This is where the anti-torque pedals come in. The rotational torque on the helicopter is countered with thrust from the tail rotor.

Just push the left or right rudder pedal such as the CH Products Pro Pedals to get more or less thrust from the tail rotor.

Incidentally, the tail rotor is geared to the main rotor so that they always turn in unison. The tail rotor, like the main rotor, cannot change its speed to adjust its thrust.

Once the craft is in the air and the collective pitch of the main rotor is being adjusted in X-Plane, using the joystick throttle , try holding the craft 10 feet in the air and adjusting the tail-rotor pitch with the anti-torque pedals i.

From here, the joystick should be wiggled left, right, fore, and aft to steer the helicopter around. Here is how this works: If the stick is moved to the right , then the rotor blade will increase its pitch when it is in the front of the craft, and decrease its pitch when it is behind the craft.

In other words, the rotor blade will change its pitch through a full cycle every time it runs around the helicopter once.

This means that it changes its pitch from one extreme to the other times per minute 7 times per second if the rotor is turning at RPM.

Pretty impressive, especially considering that the craft manages to stay together under those conditions! So, we have the collective, cyclic, and anti-torque controls.

When the stick is moved to the right, the rotor increases pitch when it is in the part of its travel that is in front of the helicopter. Now that the rotor is tilted to the right, it will of course drag the craft off to the right as long as it is producing lift.

It can conduct no torque left, right, fore, and aft to the body of the helicopter.

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The final method of saving or sharing your flight is to take a simple screenshot. In addition to being able to save replays for later playback as described in the section Saving and Sharing Your Flight above , you can visualize your flight up to your present location in a few different ways.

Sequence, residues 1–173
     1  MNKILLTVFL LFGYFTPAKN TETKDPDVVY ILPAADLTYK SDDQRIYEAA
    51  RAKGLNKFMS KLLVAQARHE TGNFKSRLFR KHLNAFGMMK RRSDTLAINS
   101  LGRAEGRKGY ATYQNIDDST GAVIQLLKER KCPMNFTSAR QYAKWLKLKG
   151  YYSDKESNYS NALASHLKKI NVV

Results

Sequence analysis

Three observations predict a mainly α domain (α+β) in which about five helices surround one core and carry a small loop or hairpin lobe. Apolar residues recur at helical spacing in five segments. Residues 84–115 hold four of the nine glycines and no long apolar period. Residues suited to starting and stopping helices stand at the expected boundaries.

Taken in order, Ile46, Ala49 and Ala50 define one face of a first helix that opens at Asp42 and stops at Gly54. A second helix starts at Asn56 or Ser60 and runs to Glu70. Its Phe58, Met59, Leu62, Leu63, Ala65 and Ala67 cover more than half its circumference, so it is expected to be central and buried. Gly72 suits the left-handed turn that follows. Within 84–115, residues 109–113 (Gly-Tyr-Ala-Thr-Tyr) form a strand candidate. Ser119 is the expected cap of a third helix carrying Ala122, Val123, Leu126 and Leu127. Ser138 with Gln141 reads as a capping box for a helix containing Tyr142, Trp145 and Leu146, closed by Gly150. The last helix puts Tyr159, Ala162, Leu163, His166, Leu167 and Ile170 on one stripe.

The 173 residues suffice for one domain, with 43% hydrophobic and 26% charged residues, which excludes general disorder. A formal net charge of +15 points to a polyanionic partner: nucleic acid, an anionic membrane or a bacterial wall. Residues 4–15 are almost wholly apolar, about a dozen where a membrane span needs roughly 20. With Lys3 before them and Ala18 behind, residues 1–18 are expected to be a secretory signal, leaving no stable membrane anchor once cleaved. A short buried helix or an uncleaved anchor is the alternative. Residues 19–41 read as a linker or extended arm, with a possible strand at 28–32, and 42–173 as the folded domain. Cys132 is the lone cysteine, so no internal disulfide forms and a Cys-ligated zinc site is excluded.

The path taken by an aircraft up to its current location can always be seen as a trail behind the aircraft when you toggle the 3-D flight path on.

Cycling it again will give a semi-transparent black bar extending from the flight path to the ground seen in Figure 5. Cycling the path once more will turn off the flight path lines.

The flight path will also be reset whenever you load an aircraft or a location. You can replay your flight, from the last time you loaded an aircraft or a location up to your current location, by toggling the replay mode on.

In the top of the window, you will see shuttle controls to listed left to right :. Additionally, you can click the shuttle slider and drag it to quickly jump around in the playback.

The final method of visualizing a flight is to load information from a flight data recorder FDR.

This is useful primarily in accident investigation and re-creation. You can load. Then you will be greeted with the standard replay shuttle buttons with which you can replay the flight.

X-Plane models flight by breaking an aircraft down into a number of little pieces and finding the forces acting on each piece.

With some wind and turbulence turned on in the Weather screen, you can even see the pseudo-random velocity vector flow field around the airplane.

The velocity vectors seen are the actual vectors interacting with the aircraft, and the force vectors the green lines coming off the plane are the actual forces acting on the plane—nothing is just for show here.

The green bars extending from the control surfaces of the aircraft indicate how much lift each section of the surface is generating; longer bars represent greater force.

The red bars, likewise, represent drag, and the yellow bars represent lift from vertical control surfaces.

The vector popping out of each point around the airplane shows if the air is being pushed up, down, fore, or aft or, for that matter, side to side by the rudder or vertical stabilizer compared to the speed and direction of the center of gravity of the airplane.

Additionally, these on-screen visual representations provide no numerical data. The text file will include angles of attack, forces, velocities and additional data for that instant of your flight.

X-Plane is the most comprehensive and powerful flight simulator available. As such, there are a great number of features available that go beyond simply taking off, flying around, and landing.

These include tools like the logbook and checklists, and features like equipment failures and damage modeling. Each time an aircraft is flown in X-Plane, the program logs the flight time in a digital logbook.

Inside this text file are the following details of previous flights:. Although AI aircraft will always follow the guidance of the air traffic control, they will also work around your aircraft if you are not interacting with the ATC.

Note : You will only be able to hear the air traffic control chatter if ATC audio output is enabled; to confirm this is the case, open the Settings screen, then click Sound.